NGINX is open source software for web serving, reverse proxying, caching, load balancing, media streaming, and more. It started out as a web server designed for maximum performance and stability. In addition to its HTTP server capabilities, NGINX can also function as a proxy server for email (IMAP, POP3, and SMTP) and a reverse proxy and load balancer for HTTP, TCP, and UDP servers.

Backstory:
Igor Sysoev originally wrote NGINX to solve the C10K problem, a term coined in 1999 to describe the difficulty that existing web servers experienced in handling large numbers (the 10K) of concurrent connections (the C). With its event-driven, asynchronous architecture, NGINX revolutionized how servers operate in high-performance contexts and became the fastest web server available.

After open sourcing the project in 2004 and watching its use grow exponentially, Sysoev co-founded NGINX, Inc. to support continued development of NGINX and to market NGINX Plus as a commercial product with additional features designed for enterprise customers. Today, NGINX and NGINX Plus can handle hundreds of thousands of concurrent connections, and power more than 50% of the busiest sites on the web.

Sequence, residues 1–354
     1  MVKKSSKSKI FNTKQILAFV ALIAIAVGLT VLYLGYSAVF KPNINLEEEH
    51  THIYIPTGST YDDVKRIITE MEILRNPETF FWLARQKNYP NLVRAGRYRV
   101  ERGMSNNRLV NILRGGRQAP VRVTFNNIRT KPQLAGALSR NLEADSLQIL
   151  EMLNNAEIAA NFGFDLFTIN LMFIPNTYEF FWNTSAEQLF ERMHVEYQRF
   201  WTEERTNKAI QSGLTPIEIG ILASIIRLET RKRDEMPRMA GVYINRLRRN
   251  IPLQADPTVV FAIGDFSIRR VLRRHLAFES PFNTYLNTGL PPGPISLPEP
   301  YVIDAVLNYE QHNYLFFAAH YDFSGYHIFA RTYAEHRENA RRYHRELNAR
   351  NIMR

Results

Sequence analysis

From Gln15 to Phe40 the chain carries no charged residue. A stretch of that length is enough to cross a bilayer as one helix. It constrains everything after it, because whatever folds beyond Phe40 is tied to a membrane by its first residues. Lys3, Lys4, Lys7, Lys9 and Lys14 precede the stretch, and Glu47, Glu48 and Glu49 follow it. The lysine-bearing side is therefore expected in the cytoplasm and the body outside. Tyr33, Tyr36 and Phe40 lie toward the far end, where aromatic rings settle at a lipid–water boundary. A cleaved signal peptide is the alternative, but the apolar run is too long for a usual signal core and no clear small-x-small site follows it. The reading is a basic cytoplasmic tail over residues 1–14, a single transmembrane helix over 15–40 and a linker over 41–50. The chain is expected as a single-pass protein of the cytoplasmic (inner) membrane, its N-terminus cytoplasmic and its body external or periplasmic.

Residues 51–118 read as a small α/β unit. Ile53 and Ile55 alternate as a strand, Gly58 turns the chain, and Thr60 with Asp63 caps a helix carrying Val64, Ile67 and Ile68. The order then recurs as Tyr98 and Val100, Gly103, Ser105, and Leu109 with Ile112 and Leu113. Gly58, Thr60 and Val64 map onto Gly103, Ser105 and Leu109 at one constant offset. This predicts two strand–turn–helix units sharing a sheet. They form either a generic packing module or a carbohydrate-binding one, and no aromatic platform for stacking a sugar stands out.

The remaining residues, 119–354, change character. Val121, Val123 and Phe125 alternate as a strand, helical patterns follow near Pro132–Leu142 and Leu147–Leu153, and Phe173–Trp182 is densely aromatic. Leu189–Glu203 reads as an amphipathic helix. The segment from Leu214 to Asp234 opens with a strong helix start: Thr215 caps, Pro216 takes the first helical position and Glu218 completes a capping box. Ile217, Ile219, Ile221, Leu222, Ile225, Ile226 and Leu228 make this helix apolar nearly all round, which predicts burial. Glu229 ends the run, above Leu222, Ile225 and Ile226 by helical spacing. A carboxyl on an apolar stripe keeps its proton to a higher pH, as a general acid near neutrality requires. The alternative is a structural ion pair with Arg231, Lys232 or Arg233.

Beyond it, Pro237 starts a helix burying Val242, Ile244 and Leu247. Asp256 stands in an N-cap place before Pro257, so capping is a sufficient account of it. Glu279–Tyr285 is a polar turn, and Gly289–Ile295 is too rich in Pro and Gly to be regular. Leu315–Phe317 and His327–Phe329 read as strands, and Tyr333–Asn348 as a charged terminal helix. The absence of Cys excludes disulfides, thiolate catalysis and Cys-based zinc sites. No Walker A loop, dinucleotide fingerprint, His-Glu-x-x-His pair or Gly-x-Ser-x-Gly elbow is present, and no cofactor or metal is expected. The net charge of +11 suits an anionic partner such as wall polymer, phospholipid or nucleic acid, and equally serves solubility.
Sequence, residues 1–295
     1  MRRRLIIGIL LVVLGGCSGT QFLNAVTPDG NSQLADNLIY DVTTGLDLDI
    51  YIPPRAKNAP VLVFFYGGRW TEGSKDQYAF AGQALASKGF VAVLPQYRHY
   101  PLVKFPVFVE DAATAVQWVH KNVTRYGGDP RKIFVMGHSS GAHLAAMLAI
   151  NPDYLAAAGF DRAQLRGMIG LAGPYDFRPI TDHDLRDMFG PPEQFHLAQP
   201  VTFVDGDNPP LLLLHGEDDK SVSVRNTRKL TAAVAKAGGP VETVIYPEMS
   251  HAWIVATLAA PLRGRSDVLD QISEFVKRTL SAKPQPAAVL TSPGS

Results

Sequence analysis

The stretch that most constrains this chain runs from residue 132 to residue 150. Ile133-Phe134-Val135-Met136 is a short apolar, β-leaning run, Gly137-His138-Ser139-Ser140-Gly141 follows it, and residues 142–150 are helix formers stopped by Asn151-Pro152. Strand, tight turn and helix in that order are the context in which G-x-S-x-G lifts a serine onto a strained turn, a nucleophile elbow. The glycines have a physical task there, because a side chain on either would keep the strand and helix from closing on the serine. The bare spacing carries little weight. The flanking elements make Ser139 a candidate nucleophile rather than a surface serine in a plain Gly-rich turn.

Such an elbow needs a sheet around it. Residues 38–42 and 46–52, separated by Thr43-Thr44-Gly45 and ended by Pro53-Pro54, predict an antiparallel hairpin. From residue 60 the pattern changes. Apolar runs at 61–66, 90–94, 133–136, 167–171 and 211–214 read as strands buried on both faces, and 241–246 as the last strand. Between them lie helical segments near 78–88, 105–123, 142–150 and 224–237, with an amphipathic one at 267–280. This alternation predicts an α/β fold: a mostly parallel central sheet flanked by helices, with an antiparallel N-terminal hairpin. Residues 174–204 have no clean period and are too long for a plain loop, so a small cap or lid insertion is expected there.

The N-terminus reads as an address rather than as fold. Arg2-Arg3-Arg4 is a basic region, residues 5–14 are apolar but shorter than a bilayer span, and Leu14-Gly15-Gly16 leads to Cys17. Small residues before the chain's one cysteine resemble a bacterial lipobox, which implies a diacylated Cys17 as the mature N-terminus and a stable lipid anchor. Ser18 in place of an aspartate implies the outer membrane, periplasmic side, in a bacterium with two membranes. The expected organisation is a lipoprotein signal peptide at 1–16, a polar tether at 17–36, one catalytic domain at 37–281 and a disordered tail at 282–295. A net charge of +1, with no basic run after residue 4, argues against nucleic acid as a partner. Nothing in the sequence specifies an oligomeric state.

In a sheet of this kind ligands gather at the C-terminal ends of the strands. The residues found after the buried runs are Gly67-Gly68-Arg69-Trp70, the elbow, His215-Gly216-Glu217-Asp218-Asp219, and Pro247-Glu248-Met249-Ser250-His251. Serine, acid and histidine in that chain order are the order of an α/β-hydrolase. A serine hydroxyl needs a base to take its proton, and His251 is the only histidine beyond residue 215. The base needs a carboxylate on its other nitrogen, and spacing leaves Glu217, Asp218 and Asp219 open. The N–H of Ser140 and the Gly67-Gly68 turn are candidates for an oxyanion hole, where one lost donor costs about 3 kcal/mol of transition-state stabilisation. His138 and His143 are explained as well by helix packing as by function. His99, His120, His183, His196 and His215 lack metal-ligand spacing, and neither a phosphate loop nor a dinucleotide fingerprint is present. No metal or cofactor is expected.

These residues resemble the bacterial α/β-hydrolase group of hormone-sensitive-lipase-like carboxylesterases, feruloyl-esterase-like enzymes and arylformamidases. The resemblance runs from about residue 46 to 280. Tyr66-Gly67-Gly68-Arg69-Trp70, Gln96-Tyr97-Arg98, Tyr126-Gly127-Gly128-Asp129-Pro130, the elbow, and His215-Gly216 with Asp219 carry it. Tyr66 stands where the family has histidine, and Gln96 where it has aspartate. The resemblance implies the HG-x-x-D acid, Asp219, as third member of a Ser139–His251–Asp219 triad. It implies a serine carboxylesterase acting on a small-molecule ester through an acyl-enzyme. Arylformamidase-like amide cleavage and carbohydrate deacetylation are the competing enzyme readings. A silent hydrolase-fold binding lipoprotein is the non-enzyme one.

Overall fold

NGINX as a Web Server:
The goal behind NGINX was to create the fastest web server around, and maintaining that excellence is still a central goal of the project. NGINX consistently beats Apache and other servers in benchmarks measuring web server performance. Since the original release of NGINX however, websites have expanded from simple HTML pages to dynamic, multifaceted content. NGINX has grown along with it and now supports all the components of the modern Web, including WebSocket, HTTP/2, and streaming of multiple video formats (HDS, HLS, RTMP, and others).

NGINX Beyond Web Serving:
Though NGINX became famous as the fastest web server, the scalable underlying architecture has proved ideal for many web tasks beyond serving content. Because it can handle a high volume of connections, NGINX is commonly used as a reverse proxy and load balancer to manage incoming traffic and distribute it to slower upstream servers – anything from legacy database servers to microservices.

NGINX also is frequently placed between clients and a second web server, to serve as an SSL/TLS terminator or a web accelerator. Acting as an intermediary, NGINX efficiently handles tasks that might slow down your web server, such as negotiating SSL/TLS or compressing and caching content to improve performance. Dynamic sites, built using anything from Node.js to PHP, commonly deploy NGINX as a content cache and reverse proxy to reduce load on application servers and make the most effective use of the underlying hardware.